We’ve all heard the importance of eating a balanced diet of protein, carbohydrates, vegetables, and fats, but what we don’t often hear about is why it’s needed and how too little or too much of these essential foods can affect our bodies.
Protein is essential for repairing and creating muscle, hormone production, staying satisfied, bone health, and more; but does too little or too much protein have negative side effects?
Let’s learn more!
Too Little Protein
A low-protein or protein-deficient diet is ordinary and can lead to health concerns.
Weight Loss—We’re not talking the good kind, like body fat loss. Instead, overall weight loss is a result of a low-protein, and most likely, a limited calorie diet. If you’re not getting enough calories, your body will use protein as a primary fuel source instead of adding muscle.
Muscle Loss—Protein helps build muscle, but like we said above, if your protein is being used for fuel, you won’t build or even maintain muscle and can even lose muscle mass. As we get older (usually around age 35 for women and as early as age 25 for men), we generally start losing muscle mass.
Liver Issues—Particular parts of our bodies need different nutrients to function properly. Protein is essential for healthy liver functions. Not enough and you could damage your liver.
Joint Pain—Strong, healthy muscles help keep joints in place. Protein is used to create and repair muscle, but with a reduced or protein-deficient diet your protein is going to be used as a primary fuel function, rather than building muscle to keep joints strong and stable, which could lead to joint pain.
Low Blood Pressure—This may not seem like a problem, however low blood pressure lowers the stream of essential nutrients and oxygen to vital organs and tissue. In addition, you could develop anemia, which occurs when your body can’t make enough red blood cells.
Edema—This is a condition in which swelling occurs, often in the hands, feet, and ankles, from body fluid trapped in the tissue. Protein helps stop fluids from concentrating in tissue. If you notice swelling in these areas, it could be a symptom of low protein consumption.
Immune System & Recovery—Your immune system needs protein to continue being healthy. If you’re getting sick more often or can’t get over those common colds, it could be from low protein consumption. It’s the same with healing an injury. Proteins are needed to repair tissue and muscle. It will take a greater length of time to recover from an injury if you don’t get enough protein.
Cravings—Too many carbs and not enough protein can cause unwanted food cravings. If you’re finding yourself reaching for more snacks, you’re probably not eating enough protein and too many carbs.
Too Much Protein
So what about too much protein? While it’s harder to eat too much protein, there are some health concerns and general knowledge about how much is suitable and how much is “extra.”
Kidney Failure—A common concern of a high-protein diet, kidney failure, is only a possibility if you are eating a majority of animal-based protein sources like meat or have a kidney disease. To avoid possible kidney troubles, aim to equalize your protein sources between 50% plant-based and 50% lean, unprocessed meat-based.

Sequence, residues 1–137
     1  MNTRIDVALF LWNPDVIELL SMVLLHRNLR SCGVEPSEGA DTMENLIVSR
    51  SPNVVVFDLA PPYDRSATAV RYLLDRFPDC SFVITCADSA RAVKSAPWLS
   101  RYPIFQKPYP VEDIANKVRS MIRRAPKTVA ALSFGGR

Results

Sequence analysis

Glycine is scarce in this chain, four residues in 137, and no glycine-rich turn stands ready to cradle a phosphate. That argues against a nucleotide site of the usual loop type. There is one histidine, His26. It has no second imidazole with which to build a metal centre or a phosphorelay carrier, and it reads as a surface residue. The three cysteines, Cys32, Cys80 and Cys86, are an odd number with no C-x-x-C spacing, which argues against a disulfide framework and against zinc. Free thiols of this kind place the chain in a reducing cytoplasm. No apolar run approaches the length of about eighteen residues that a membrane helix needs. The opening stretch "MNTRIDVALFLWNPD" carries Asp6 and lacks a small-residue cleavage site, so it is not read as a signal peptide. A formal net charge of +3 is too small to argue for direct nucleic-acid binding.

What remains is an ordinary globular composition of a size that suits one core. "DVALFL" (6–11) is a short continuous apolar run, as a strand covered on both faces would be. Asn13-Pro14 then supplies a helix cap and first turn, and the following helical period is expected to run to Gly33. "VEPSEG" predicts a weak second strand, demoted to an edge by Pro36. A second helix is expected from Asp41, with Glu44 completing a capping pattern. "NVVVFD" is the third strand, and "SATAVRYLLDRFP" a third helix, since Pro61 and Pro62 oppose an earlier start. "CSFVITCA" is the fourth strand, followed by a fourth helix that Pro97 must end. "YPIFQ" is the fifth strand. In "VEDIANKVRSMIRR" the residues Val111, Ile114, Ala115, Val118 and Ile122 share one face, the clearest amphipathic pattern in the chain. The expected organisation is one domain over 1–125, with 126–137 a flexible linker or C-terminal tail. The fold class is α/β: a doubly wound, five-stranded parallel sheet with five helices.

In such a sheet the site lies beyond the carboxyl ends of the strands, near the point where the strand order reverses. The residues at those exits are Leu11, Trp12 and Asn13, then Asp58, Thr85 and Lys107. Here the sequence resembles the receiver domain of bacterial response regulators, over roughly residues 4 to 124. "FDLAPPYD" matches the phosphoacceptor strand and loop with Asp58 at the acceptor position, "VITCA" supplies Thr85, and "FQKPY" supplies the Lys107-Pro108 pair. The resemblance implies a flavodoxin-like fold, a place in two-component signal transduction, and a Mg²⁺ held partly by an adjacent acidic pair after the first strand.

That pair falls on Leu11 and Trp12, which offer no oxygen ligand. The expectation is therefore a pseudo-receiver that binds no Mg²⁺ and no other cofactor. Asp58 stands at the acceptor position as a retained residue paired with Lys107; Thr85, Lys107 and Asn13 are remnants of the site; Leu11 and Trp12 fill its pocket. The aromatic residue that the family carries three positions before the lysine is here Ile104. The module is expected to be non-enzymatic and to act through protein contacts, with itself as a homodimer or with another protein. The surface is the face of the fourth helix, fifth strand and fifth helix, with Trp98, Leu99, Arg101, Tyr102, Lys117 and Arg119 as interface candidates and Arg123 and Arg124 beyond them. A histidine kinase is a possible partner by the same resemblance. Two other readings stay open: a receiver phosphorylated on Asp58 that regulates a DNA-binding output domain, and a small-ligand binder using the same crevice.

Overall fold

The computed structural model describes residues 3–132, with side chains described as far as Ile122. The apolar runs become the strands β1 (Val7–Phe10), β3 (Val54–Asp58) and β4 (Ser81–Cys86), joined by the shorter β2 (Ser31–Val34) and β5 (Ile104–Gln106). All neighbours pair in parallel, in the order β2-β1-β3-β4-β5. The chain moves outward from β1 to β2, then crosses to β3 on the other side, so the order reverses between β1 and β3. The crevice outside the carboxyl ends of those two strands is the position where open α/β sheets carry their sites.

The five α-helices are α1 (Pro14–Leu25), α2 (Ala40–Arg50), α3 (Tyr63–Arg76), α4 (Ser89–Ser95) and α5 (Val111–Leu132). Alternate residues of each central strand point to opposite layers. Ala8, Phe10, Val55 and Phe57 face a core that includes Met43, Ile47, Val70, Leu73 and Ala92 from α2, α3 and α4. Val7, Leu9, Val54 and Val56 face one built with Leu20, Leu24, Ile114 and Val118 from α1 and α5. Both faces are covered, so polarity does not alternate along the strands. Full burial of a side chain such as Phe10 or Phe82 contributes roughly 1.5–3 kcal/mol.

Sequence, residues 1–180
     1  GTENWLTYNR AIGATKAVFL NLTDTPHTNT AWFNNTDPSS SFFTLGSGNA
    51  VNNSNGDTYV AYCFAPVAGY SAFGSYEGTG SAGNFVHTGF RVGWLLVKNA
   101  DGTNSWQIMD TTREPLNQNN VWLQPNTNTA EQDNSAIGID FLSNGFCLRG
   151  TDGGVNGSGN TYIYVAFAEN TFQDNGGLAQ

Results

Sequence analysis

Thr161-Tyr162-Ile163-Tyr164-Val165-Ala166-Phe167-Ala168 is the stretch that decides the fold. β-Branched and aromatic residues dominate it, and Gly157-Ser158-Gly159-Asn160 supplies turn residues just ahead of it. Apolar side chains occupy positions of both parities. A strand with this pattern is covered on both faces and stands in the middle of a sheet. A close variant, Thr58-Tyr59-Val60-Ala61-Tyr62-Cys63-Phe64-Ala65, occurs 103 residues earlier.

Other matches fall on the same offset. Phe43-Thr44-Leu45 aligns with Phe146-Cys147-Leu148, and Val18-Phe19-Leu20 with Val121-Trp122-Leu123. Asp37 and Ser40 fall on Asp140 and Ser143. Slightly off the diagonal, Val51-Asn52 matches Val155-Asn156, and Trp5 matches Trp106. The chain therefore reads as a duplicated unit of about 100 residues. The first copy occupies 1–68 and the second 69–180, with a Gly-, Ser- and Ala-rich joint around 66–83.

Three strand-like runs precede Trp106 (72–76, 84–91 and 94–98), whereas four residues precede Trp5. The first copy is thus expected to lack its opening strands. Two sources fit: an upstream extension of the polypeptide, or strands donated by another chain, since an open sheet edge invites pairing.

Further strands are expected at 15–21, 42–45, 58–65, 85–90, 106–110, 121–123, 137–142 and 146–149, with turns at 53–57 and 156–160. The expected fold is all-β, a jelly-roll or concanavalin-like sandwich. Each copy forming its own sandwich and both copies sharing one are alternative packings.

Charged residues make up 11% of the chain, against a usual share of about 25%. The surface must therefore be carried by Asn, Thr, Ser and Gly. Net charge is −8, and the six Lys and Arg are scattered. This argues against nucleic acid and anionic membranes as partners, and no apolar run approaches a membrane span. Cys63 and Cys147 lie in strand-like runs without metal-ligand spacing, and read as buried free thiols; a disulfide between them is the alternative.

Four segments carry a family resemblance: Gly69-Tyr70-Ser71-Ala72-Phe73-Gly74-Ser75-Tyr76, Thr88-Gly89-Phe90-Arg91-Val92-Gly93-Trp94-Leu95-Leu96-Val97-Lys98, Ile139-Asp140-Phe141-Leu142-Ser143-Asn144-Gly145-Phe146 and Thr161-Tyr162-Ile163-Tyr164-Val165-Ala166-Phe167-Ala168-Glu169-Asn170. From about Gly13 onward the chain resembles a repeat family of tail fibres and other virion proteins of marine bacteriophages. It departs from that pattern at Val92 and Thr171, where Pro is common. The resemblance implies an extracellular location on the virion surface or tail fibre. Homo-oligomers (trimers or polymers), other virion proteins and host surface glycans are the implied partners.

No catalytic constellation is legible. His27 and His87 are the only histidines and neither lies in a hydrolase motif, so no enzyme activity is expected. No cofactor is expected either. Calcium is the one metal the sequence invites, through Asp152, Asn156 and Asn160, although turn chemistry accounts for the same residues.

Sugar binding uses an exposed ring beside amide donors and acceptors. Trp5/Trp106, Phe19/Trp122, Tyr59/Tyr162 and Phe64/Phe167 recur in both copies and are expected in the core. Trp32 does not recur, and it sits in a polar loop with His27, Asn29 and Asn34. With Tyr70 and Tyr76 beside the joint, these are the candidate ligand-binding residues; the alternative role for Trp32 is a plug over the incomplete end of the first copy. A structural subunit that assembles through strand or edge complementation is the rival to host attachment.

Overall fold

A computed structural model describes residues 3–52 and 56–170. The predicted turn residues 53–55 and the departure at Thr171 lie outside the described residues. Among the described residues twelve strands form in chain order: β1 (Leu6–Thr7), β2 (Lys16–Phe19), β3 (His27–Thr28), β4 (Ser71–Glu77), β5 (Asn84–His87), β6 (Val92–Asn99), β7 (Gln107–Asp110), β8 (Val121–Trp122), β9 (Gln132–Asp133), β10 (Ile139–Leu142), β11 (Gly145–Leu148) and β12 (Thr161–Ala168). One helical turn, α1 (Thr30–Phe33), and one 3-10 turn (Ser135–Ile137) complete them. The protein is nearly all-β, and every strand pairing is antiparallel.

Weight Gain—Protein helps build muscle, and like carbs, if we eat too much protein it will be stored as fat. Our bodies are not skilled at changing proteins into fat like with carbs, however it eventually does. Like eating too much of anything, weight gain can still happen. A six-year study of 7,000 participants found that those who ate a high-protein diet were 90% more likely to gain up to 10% of their body weight.
Building Muscle—Muscle protein synthesis is the process of transforming protein amino acids into muscle. New studies have shown that there is a limit to muscle growth in a high-protein diet, which is about 30 grams per meal. What does that mean? Consuming 30 grams versus 20 grams will assist in muscle growth, but eating 50 grams per meal won’t have any more positive effect on building muscles. Heavier individuals may need a little more on average, but essentially, there is a cap to protein intake related to muscle growth.
A 2014 study in the Journal of the International Society of Sports Nutrition concluded that people who lift weights who consumed 5.5 times the recommended daily protein (that’s just over 2 grams per pound of body weight) saw no positive or negative effect on body composition.
When figuring out your meals and sources of protein, we recommend a healthy balance of both plant- and animal-based proteins. When selecting animal-based proteins, stick with lean, unprocessed meats like chicken and turkey without skin. Red meat is fine, but keep it lean and always limit the portions. For plant-based proteins, beans, quinoa, nuts, and soy are good sources to use.
At Farrell's, we show our members easy, decent, balanced nutrition so their bodies are working effectively and efficiently, letting them function at their peak performance in and out of the gym.
We set protein, carb, and fat amounts over the course of six daily meals, ensuring members are having the correct amounts of each macronutrient source.
To find out more about the Farrell's group fitness program and nutrition coaching, contact your local Farrell's today!
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